Member 70 at its lower edge has an upwardly bent annular neck-like formation 74 which functions similarly to the upper portion of the neck of the container in the first three described embodiments herein. An inverted cup-like cover 75 is provided, the cover or cap 75 and the member 74 having cooperating locking formations generally designated 76, which may be similar to those described in connection with FIGS. 1-5 herein and which will function in the same manner. Such locking formations 76 will permit an adult readily to remove the cap 75 when required and thus to operate the valve 68, but will prevent its ready removal by a small child. This is especially important with an aerosol container, where the very act of dispensing the contents by gas pressure intrigues a child, who wishes to operate the valve himself to see how it works.

Although only a limited number of embodiments of the invention have been illustrated herein, it is to be especially understood that various changes, such as in the relative dimensions of theparts, materials used, and the like, as well as the suggested manner of use of the apparatus of the invention, may be made therein without departing from the spirit and scope of the invention as will now be apparent to those skilled in the art.

What is claimed is:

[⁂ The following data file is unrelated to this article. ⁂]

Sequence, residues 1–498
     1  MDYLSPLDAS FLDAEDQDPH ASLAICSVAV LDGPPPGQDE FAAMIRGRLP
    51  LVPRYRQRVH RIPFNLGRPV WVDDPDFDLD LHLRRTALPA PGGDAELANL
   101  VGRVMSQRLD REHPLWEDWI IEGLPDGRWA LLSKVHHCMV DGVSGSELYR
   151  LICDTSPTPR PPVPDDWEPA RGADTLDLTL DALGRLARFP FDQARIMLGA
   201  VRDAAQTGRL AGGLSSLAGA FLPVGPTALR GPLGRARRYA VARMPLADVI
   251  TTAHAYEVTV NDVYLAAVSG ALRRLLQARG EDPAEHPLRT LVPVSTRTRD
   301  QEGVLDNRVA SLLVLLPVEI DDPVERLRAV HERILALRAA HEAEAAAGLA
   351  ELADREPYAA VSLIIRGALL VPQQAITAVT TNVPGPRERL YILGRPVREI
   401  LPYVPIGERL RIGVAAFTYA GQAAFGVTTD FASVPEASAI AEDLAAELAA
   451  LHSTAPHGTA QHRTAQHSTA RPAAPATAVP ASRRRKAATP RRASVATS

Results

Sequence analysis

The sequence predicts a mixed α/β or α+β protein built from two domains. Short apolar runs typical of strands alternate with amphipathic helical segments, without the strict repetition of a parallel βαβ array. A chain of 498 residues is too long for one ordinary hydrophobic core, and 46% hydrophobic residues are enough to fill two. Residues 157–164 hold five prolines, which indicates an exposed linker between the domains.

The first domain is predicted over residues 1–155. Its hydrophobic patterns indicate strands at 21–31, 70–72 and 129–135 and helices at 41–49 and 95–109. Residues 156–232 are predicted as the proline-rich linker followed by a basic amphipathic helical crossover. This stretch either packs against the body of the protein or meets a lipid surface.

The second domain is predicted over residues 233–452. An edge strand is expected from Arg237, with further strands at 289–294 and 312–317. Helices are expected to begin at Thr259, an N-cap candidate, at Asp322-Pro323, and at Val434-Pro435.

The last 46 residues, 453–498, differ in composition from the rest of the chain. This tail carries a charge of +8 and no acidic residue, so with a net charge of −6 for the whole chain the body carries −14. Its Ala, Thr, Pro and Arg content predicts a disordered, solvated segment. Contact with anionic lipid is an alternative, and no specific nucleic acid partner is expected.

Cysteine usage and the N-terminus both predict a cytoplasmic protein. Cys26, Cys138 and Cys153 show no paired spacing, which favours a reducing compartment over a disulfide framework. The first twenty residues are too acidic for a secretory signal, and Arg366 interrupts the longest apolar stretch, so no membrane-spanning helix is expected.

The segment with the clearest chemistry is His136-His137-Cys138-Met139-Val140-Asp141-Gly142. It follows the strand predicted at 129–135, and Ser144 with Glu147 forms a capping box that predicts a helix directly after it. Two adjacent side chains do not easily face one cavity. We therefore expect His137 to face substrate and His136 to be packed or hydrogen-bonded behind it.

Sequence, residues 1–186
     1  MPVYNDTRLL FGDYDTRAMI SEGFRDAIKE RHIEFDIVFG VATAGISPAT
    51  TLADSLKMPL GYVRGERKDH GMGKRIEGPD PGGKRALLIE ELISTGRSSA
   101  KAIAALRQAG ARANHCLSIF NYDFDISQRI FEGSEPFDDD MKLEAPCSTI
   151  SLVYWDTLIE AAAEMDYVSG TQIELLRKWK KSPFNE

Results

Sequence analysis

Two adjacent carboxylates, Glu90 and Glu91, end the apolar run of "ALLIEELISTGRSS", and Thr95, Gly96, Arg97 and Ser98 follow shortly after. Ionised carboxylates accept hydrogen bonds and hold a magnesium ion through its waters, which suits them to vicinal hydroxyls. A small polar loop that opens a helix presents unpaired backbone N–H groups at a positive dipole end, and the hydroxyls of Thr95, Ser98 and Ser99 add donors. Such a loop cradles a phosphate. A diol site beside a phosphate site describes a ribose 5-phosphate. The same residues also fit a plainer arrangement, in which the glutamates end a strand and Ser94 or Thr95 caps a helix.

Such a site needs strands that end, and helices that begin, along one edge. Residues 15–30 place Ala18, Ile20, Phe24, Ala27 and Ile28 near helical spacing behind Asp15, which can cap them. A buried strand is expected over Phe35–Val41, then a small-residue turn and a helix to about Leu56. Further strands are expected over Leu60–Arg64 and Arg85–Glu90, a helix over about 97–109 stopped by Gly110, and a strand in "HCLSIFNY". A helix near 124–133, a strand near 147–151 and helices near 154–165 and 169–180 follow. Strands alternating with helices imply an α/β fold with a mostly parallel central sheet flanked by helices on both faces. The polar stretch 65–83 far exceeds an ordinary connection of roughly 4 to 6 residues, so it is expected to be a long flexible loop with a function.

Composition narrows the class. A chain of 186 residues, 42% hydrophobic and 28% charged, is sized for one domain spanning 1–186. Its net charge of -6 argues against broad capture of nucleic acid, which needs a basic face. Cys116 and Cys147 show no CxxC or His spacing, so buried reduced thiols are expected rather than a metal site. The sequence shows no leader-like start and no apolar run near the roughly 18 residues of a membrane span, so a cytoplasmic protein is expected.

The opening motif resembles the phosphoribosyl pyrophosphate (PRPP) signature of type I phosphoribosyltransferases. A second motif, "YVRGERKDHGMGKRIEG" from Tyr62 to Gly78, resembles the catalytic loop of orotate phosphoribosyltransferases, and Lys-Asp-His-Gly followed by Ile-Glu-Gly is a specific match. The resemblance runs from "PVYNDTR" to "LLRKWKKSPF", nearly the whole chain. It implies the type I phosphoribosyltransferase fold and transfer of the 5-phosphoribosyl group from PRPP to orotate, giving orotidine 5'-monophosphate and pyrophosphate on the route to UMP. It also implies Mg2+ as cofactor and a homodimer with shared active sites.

1. In the combination of a container and a safety closure member rotatable on the container and adapted selectively to be locked thereon from ready removal therefrom. the improvement which comprises two parts, the first such part being a neck on the container, the neck having an axially directed peripheral surface, the neck having an axially directed dispensing passage therethrough, the second of said parts being the closure member, the closure member being a cap having an axially directed skirt adapted to be telescoped over the neck of the container and a transverse top disposed across the outer end of the skirt and spanning the outer end of the neck and closing the dispensing passage therein when the cap is applied thereto, the cap and neck having interacting cap-locking formations on their axially directed peripheral surfaces, one of said formations including a transverse annular flange having an annular end surface which is disposed axially inwardly of the neck when the cap is fully applied to the neck, said end surface of the flange lying in a transverse plane disposed at with respect to the common axis of the assembled cap and container neck, said flange having an at least part-helical groove extendingradially inwardly from the peripheral surface of said flange and through the flange from its axially inner annular surface to the axially outer surface thereof, the other of said interacting cap-locking formations including a land adapted to be received in said groove, the land lying axially inwardly of and contiguous to the axially inwardly disposed end surface of the flange and the cap being freely rotatable with respect to the container neck when the cap is fully applied to the neck, the land being able to enter the groove only when the cap is turned to a predetermined angular position relative to the neck, the land then entering the groove upon pulling the cap axially outwardly along the neck, the cap then being removable from the neck by the turning of the cap relative to the neck so that the land travels axially outwardly along the helical groove.